The Spinners’ Facebook account congratulated the players for “an incredible season” and noted that despite the loss, the team finished with a league best record of 21-8. Editor’s Note: The Rant is already looking forward to Season 3 in 2023.
Taylor said he came across an ordinance adopted in 1999 that had allowed existing churches to stay in the nine block area considered to make up downtown, while
new churches would be required to locate in other parts of the city. According to closed session minutes of a City Council meeting held on May 3, the 1999 ordinance was enacted after issues had arisen in both Sanford and Jonesboro inflamed a small number of people who marched around City Hall and “chanted in the hallways while the meeting was going on.” The council at the time reached a compromise that churches within the central business district could stay but new ones would have to locate elsewhere. A federal law passed the following year, the Religious Land Use Institutionalized Persons Act (RLUIPA) held churches and religious organizations couldn’t be held to a different standard than other groups when it came to the use of land. Courts later upheld the law, saying cities and towns couldn’t put more substantial burdens on churches because citizens had the rights to assemble and worship as they see fit. RLUIPA does contain a “safe harbor” provision allowing governments to “avoid the preemptive force of any provision … by changing the policy or practice that results in a substantial burden on religious exercise.” Although the 1999 ordinance is still on the books, city staff have chosen not to enforce it because of the difficult position it puts them into because the language is not specific as to its enforcement mechanisms. READY TO DO BATTLE
Bob Joyce of the DSI Board of Directors was the only public speaker to recommend further study. Joyce said the board “wants everyone to be good neighbors of each other and help downtown to prosper.” He pointed to the revitalization that has taken place downtown during the past 20 years with the near doubling of property values to almost $70 million. Only one empty retail space exists at present and retail sales have bounced back to their preCOVID levels among downtown shops.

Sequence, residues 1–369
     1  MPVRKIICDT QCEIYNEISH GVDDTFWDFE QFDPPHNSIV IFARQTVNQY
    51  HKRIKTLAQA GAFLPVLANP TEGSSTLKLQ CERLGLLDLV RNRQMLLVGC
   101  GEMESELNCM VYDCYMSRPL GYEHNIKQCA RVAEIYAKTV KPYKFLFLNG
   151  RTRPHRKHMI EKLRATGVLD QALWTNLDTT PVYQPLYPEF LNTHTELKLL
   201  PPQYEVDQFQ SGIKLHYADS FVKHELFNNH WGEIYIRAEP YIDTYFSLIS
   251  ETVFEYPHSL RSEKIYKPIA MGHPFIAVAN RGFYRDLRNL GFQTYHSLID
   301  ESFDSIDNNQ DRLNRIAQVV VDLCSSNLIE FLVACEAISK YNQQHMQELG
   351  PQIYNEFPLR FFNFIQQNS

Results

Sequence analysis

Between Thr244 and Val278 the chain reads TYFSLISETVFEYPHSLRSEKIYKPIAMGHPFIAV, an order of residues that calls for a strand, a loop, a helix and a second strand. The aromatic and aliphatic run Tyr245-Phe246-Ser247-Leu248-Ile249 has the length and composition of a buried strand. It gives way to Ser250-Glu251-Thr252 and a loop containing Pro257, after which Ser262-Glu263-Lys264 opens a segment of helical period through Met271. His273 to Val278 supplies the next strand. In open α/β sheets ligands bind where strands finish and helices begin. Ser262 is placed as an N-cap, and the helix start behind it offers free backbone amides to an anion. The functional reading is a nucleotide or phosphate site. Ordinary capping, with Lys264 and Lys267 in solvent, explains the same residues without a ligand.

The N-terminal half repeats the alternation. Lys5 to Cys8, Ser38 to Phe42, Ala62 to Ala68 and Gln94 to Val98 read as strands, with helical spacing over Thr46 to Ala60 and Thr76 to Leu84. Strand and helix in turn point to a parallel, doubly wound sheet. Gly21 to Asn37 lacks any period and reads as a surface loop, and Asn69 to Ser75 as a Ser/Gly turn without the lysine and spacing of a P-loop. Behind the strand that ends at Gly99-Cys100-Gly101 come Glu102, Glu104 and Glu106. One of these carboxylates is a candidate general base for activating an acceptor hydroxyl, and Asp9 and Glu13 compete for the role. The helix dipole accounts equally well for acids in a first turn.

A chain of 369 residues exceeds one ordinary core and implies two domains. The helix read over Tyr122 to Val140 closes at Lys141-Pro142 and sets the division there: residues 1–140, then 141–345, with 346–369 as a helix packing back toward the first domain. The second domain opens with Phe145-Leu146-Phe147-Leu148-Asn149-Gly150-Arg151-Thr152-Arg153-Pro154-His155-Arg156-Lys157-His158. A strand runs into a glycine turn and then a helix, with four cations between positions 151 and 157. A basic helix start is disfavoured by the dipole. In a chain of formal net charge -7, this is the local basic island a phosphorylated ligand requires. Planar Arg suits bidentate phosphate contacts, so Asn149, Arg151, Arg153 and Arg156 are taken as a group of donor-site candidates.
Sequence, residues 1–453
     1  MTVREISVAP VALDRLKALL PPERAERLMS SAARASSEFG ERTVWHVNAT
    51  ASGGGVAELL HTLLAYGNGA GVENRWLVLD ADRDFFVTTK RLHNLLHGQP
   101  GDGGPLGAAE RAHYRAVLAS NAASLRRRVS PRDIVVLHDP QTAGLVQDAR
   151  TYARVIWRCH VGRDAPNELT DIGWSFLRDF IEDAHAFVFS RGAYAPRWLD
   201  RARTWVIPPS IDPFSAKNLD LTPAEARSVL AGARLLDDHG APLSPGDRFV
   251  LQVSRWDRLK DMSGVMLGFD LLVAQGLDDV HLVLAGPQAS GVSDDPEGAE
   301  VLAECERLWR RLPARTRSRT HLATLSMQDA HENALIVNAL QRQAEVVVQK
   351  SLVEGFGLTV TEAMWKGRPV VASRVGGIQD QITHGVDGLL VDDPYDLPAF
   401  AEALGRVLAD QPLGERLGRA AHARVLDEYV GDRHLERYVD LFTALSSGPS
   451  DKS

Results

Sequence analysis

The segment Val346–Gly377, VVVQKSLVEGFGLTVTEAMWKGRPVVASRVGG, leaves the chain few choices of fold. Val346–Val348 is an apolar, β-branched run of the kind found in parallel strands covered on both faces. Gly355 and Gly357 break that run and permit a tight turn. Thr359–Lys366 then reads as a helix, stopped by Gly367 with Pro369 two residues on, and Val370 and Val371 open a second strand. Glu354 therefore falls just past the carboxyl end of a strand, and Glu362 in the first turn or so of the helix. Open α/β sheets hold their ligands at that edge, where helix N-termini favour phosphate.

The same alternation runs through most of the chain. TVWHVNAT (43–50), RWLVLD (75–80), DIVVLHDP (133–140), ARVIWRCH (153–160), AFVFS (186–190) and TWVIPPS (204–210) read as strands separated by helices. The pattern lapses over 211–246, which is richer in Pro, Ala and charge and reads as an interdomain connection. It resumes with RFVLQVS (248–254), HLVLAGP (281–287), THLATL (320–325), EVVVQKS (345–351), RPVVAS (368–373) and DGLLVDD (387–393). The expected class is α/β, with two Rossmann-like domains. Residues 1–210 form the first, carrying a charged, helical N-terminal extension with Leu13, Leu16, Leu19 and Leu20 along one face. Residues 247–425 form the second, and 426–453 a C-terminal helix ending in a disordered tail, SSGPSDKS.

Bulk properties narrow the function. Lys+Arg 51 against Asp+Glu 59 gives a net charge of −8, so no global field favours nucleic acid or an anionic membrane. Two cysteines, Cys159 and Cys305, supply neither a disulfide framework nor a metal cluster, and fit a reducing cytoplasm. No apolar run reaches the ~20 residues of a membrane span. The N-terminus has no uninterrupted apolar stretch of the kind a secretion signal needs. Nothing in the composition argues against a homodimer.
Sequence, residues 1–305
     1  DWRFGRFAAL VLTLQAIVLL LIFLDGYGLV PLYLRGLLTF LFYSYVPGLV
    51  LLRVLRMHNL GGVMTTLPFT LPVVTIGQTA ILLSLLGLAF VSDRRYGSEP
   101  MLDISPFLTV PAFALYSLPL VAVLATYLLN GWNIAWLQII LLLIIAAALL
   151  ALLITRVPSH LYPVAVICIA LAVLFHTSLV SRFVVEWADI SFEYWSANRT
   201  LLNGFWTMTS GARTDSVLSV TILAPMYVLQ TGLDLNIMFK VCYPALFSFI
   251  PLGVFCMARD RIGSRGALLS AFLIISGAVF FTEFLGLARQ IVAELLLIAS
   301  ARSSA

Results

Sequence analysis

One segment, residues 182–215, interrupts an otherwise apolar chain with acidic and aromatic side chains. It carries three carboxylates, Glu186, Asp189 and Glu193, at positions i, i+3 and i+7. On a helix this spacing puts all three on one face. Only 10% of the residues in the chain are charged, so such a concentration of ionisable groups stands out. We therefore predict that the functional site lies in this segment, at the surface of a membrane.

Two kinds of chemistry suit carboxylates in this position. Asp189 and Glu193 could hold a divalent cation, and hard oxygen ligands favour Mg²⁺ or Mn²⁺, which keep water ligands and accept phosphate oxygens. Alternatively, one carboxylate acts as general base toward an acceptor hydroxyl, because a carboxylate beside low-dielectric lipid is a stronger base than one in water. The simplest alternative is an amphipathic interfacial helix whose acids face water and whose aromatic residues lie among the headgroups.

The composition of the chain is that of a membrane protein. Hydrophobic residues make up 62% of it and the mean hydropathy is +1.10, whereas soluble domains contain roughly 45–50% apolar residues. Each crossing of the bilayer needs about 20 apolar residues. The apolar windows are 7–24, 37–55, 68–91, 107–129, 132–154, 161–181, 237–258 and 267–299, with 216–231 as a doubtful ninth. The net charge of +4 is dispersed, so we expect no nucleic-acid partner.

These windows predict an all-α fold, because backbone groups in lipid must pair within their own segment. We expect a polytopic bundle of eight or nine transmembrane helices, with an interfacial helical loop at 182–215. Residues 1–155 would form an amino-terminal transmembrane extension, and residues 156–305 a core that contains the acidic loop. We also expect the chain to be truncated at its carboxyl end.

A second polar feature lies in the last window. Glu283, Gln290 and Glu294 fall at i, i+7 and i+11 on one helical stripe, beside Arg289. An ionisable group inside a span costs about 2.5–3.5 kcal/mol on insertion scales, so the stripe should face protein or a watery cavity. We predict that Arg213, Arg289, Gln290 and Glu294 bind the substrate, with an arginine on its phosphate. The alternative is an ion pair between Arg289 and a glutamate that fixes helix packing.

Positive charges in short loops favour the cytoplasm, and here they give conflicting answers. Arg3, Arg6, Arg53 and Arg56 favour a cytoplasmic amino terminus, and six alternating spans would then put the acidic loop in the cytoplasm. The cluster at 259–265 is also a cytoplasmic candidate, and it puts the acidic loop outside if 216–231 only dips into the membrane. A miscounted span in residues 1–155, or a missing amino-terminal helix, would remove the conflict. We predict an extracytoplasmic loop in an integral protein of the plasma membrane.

Joyce brought up Molly Stuart, an attorney with Morningstar Law Group in Raleigh, who has been a consulting lawyer on similar cases for years. Stuart believed the board could build a solid legal case on which to stand, should it choose to do so. Stuart said there was no need to rush into action on the issue and recommended taking time to involve stakeholders and to study best practices from across the country. But Pastor Dale Sauls of Life Springs Church in Sanford suggested his and other churches “have sought preliminary legal counsel and (the existing ordinance) does appear to be discriminatory. They have indicated they would like to move forward, but we love this city. We don’t want to do that.” Instead, Sauls said his church “prayed for this day and we’ve done prayer walks through the downtown on this issue, although we haven’t always been received with welcoming arms.” Another speaker, Angela Cook, also intimated at legal action. “A lawsuit would be an ugly thing to see by people looking to come here,” she said. “Remove this ordinance and let justice stand. Let it stand, and you will have hell on your hands.” Lisa Ragan, who was recently unsuccessfully nominated as a Central Carolina Community College trustee by two Republican members of the Lee County Board of Commissioners, suggested a different course of legal action. “If you break your oath of office, you break your surety bonds,” she said. “Ministers might be forced to make a complaint against them.” Surety bonds guarantee a public official will carry out the duties of their office honestly and faithfully. While they are required of most federal and state officials, claims made against surety bonds have risen over the past two years as a result of responses to the COVID-19 pandemic. The claims that have been filed during that period were generally by right-wing groups against school